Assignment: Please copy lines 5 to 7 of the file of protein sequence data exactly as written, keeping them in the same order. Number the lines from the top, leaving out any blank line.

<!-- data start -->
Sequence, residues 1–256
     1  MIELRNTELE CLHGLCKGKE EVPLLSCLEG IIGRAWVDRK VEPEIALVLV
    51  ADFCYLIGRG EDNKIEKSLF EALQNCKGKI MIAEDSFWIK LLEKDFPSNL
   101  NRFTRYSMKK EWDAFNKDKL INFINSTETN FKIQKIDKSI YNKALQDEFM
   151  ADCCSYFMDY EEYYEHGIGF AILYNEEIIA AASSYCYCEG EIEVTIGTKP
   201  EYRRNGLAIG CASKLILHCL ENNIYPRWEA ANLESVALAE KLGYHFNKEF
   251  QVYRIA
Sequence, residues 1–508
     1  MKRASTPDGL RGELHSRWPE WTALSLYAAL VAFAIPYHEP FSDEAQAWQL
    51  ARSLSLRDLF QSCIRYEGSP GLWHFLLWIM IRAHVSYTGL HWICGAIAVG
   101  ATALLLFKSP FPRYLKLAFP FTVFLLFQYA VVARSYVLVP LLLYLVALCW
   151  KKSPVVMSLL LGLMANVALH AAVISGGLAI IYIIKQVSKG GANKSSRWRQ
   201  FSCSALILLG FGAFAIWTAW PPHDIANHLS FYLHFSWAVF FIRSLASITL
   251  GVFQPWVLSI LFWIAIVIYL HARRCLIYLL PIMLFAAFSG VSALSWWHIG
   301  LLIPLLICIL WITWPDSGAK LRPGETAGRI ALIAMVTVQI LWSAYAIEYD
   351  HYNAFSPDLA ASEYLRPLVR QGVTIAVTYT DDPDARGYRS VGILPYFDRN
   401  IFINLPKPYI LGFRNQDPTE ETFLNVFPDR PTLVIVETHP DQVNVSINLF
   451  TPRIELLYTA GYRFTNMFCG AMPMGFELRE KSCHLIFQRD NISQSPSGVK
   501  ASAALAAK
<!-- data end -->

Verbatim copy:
   151  ADCCSYFMDY EEYYEHGIGF AILYNEEIIA AASSYCYCEG EIEVTIGTKP
   201  EYRRNGLAIG CASKLILHCL ENNIYPRWEA ANLESVALAE KLGYHFNKEF
   251  QVYRIA